Good evening, distinguished guests, past presidents, ladies and gentlemen.

I am honoured to be speaking to you tonight as President of the Northern Ireland Grain Trade Association. It is a privilege for a maiden city boy to be in such an esteemed position in the Northern Ireland agri-food industry.

We gather here tonight to celebrate the agri-supply sector in Northern Ireland and the pivotal role that you all play in ensuring its growth and success.

I would like to take a moment to acknowledge the exceptional circumstances that we have faced in the past few years - but as always, we have stepped up and faced those challenges head on.

During the past 12 months, uncertainty and volatility have dominated the agri-supply trade, largely driven by the devastating war in Ukraine, which has had a profound effect on the entire economy, not least the feed, fertilizer, and energy markets.

Given the importance of Ukraine to global trade, considerable efforts have been made to facilitate the flow of grain from Ukraine, through the European solidarity lanes and the landmark Black Sea Grain Initiative. However, the situation remains fragile and is something NIGTA is closely monitoring.  The invasion has brought the animal feed and fertiliser sectors sharply into focus for all of society and highlighted the vital role our industry plays, as the first link in the food chain, and the valuable contribution that it makes to our agri-food industry, and to Northern Ireland as a whole.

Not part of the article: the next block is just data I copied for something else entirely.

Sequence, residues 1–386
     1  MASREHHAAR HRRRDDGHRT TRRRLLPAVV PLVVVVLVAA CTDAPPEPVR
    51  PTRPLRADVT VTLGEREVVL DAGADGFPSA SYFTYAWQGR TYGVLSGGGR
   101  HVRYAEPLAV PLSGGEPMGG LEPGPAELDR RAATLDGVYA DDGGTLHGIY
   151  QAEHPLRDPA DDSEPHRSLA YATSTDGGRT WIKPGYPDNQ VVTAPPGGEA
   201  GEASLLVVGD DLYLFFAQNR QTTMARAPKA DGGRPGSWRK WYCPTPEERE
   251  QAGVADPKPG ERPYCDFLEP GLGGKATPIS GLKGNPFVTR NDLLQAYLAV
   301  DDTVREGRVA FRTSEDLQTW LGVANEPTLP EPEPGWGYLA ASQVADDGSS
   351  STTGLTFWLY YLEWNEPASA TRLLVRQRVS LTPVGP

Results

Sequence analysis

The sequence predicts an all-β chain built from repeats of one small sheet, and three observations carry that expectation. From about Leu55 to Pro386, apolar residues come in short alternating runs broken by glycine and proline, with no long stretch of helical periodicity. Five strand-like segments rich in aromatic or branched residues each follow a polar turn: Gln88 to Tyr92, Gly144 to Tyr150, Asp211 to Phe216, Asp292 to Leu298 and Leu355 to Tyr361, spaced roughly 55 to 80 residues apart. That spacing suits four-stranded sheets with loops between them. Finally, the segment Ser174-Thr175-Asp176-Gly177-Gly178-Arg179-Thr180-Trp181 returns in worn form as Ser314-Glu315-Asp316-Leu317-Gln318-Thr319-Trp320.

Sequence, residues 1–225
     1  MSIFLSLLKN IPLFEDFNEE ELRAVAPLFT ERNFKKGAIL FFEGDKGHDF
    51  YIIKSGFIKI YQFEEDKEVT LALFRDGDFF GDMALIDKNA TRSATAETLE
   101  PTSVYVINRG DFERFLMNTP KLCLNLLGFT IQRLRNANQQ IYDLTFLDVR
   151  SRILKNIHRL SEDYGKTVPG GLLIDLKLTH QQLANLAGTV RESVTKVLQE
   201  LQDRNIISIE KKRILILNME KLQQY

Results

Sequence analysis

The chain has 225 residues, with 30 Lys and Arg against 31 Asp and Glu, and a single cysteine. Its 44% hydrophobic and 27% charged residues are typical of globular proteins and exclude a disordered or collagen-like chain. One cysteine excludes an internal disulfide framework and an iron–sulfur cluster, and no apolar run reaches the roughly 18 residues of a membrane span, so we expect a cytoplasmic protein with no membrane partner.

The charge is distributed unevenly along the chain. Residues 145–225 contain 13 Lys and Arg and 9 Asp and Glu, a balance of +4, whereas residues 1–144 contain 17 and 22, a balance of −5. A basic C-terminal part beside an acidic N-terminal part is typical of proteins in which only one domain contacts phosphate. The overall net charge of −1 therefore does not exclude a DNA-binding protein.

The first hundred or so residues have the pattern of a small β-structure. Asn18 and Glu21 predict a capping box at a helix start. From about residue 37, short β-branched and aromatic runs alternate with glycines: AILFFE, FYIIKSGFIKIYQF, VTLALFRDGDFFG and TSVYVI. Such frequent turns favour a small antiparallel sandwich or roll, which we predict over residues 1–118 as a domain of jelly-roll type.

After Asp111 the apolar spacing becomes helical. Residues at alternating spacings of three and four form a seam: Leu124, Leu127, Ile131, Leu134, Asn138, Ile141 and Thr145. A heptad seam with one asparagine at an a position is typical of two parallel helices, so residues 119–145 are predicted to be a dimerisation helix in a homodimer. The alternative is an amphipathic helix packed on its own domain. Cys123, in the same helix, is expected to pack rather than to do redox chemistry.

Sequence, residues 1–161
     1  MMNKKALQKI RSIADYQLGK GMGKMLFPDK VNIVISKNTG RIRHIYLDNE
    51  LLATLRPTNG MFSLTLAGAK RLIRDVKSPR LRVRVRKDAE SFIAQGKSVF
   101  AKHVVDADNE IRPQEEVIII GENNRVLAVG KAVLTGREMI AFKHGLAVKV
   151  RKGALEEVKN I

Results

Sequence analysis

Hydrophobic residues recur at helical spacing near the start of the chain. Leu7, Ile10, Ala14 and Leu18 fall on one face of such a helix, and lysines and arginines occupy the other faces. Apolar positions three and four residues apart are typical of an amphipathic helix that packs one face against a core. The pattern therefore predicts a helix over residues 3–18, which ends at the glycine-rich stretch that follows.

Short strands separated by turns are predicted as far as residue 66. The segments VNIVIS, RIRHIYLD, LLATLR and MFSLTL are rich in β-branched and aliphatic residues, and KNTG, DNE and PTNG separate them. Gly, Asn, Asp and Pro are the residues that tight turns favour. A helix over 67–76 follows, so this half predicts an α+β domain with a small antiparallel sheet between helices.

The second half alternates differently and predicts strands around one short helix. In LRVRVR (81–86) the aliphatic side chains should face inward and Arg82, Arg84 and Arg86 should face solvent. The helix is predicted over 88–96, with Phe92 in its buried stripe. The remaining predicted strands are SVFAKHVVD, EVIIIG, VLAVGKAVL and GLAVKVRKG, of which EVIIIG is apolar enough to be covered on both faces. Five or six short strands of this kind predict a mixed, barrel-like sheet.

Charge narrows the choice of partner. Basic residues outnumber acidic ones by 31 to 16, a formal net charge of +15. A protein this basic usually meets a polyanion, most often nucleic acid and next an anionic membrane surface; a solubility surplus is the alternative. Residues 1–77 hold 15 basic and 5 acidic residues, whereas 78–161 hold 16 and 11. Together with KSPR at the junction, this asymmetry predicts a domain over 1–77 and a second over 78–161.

Every sector has faced its own unique challenges, but despite the difficult trading conditions, our entire industry has shown incredible flexibility, agility, and resilience.

When it comes to EU-Exit, NIGTA has been at the forefront of protecting our industry’s best interests, and through the Northern Ireland Business Brexit Working Group, NIGTA has engaged extensively with various officials and stakeholders to bring understanding and influence to issues relevant to the agri-supply sector.  We welcome the Windsor Framework as a step forward and it is reassuring to see that relations have visibly improved between the UK and EU, which we hope will continue, so that pragmatic solutions can be found to the outstanding issues that are being worked on.  In particular, managing regulatory divergence will require properly developed structures and meaningful engagement with business and stakeholders, whereby NIGTA will continue to ensure that the voice of the agri-supply sector is heard.

With the world’s eyes on Northern Ireland this month - reflecting on the peace, prosperity and economic opportunity brought about by the Good Friday Agreement - I hope that it shines a spotlight on the need for clarity, certainty, support, and leadership from Stormont in the years ahead.